"It seems that the terrorists commandeered a police vehicle which allowed them easy access to the area of the Chabad house," said a spokesman for the Lubavitch movement in New York, Rabbi Zalman Shmotkin.
Around 10:30 a.m., a woman, a child and an Indian cook were seen being led out of the building by police, said one witness.
He said he did not know the status of occupants of the house, which serves as an educational center and a synagogue.
Police loudspeakers declared a curfew around the Taj Mahal hotel, and black-clad commandos ran into the building as fresh gunshots rang out from the area.
Soldiers outside the hotel said the operation would take a long time as forces were moving slowly, from room to room, looking for gunmen and traps. Every body found had to be checked by sniffer dogs, said one senior officer on condition of anonymity.
In the afternoon, bodies and hostages slowly emerged from the building. At least three bodies, covered in white cloth, were wheeled out.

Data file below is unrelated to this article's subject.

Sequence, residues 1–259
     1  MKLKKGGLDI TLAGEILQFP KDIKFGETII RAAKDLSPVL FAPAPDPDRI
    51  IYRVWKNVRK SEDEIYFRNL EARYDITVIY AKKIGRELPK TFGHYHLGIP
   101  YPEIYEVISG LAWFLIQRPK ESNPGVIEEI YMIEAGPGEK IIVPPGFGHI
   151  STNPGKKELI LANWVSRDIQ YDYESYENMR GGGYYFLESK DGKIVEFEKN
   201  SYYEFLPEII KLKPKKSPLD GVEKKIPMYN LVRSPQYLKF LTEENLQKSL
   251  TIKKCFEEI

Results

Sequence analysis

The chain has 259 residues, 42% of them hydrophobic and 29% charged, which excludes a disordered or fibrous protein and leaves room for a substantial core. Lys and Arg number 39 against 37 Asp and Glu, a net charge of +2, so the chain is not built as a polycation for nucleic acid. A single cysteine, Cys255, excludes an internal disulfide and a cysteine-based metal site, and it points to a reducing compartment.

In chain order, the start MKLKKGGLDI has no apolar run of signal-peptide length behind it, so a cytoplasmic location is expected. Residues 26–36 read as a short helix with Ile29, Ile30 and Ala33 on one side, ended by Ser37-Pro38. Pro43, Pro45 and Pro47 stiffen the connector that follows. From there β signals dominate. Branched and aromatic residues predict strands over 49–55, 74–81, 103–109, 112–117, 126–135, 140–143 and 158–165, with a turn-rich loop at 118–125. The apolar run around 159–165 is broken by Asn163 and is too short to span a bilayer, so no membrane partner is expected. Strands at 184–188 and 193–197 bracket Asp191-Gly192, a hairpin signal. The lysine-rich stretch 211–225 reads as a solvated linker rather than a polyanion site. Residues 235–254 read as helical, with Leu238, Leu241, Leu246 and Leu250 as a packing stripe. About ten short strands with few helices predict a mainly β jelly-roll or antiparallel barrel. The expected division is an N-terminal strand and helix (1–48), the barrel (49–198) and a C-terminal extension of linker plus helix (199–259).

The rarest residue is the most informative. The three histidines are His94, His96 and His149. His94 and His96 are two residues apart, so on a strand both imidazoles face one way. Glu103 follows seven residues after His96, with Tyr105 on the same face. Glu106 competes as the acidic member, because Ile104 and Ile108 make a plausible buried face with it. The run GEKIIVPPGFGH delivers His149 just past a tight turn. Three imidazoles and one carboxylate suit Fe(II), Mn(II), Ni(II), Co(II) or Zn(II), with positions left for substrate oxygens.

About a dozen hostages including foreigners were also evacuated from the hotel and whisked into a waiting ambulance. Several of them carried small pieces of luggage. One older man was carried into the ambulance by police.
At the nearby Oberoi hotel, soldiers could be seen on the roof of neighboring buildings. A banner hung out of one window read "save us." From the road, no one could be seen inside the room.
At least three top Indian police officers — including the chief of the anti-terror squad — were among those killed, said and A.N. Roy, a top police official.
The attackers appeared to have been targeting Britons and Americans.
Alex Chamberlain, a British citizen who was dining at the Oberoi, told Sky News television that a gunman ushered 30 to 40 people from the restaurant into a stairway and, speaking in Hindi or Urdu, ordered everyone to put up their hands.